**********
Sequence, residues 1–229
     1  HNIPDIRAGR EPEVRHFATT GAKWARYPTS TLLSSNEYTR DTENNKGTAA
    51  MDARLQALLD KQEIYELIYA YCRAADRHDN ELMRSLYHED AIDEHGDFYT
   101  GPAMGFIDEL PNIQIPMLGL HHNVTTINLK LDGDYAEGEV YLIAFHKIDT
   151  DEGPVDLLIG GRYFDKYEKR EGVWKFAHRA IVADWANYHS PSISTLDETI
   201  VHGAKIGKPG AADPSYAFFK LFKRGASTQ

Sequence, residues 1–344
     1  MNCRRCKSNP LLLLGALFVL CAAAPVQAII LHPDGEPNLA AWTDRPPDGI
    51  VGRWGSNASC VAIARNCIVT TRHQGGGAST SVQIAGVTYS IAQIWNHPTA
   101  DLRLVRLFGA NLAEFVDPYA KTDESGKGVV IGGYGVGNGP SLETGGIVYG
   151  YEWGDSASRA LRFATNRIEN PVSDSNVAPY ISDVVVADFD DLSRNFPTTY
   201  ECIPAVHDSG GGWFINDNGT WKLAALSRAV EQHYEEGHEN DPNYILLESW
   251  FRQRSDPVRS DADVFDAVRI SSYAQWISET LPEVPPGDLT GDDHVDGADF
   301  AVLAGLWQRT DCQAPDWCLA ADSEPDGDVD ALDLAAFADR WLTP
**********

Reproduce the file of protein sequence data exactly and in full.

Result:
Sequence, residues 1–229
     1  HNIPDIRAGR EPEVRHFATT GAKWARYPTS TLLSSNEYTR DTENNKGTAA
    51  MDARLQALLD KQEIYELIYA YCRAADRHDN ELMRSLYHED AIDEHGDFYT
   101  GPAMGFIDEL PNIQIPMLGL HHNVTTINLK LDGDYAEGEV YLIAFHKIDT
   151  DEGPVDLLIG GRYFDKYEKR EGVWKFAHRA IVADWANYHS PSISTLDETI
   201  VHGAKIGKPG AADPSYAFFK LFKRGASTQ

Sequence, residues 1–344
     1  MNCRRCKSNP LLLLGALFVL CAAAPVQAII LHPDGEPNLA AWTDRPPDGI
    51  VGRWGSNASC VAIARNCIVT TRHQGGGAST SVQIAGVTYS IAQIWNHPTA
   101  DLRLVRLFGA NLAEFVDPYA KTDESGKGVV IGGYGVGNGP SLETGGIVYG
   151  YEWGDSASRA LRFATNRIEN PVSDSNVAPY ISDVVVADFD DLSRNFPTTY
   201  ECIPAVHDSG GGWFINDNGT WKLAALSRAV EQHYEEGHEN DPNYILLESW
   251  FRQRSDPVRS DADVFDAVRI SSYAQWISET LPEVPPGDLT GDDHVDGADF
   301  AVLAGLWQRT DCQAPDWCLA ADSEPDGDVD ALDLAAFADR WLTP